No, it would not because conservative forces, by definition depend only on the position. Your force should depend also on the velocity (its direction) because it is perpendicular to it.
Forces whose work is always zero are not necessarily positional so that they are not necessarily conservative. There are two important cases in elementary physics: Coriolis' force and magnetic force.
For these forces no potential energy can be defined so that non energy conservation theorem can be formulated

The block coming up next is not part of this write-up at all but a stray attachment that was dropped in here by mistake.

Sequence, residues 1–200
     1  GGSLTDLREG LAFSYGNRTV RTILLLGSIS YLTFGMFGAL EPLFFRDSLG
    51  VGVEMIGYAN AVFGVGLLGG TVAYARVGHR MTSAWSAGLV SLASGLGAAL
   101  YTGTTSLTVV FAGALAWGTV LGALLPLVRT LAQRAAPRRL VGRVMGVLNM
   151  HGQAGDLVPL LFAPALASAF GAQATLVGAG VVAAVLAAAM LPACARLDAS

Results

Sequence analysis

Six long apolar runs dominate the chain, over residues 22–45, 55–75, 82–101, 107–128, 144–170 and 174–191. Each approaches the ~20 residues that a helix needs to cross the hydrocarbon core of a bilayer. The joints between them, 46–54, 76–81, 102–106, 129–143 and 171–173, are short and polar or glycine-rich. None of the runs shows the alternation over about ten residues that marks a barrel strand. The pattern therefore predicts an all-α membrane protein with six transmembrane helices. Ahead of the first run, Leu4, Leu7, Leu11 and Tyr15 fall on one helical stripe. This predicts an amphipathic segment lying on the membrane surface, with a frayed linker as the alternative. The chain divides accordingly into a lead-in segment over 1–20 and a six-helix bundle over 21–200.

(where these forces give some contributiin).
In more advanced formulations of mechanics a generalized notion of potential can be introduced that depends also on the velocities, but there is not necessarily a theorem of total energy conservation (there is if further hypotheses are true and is called Jacobi's theorem).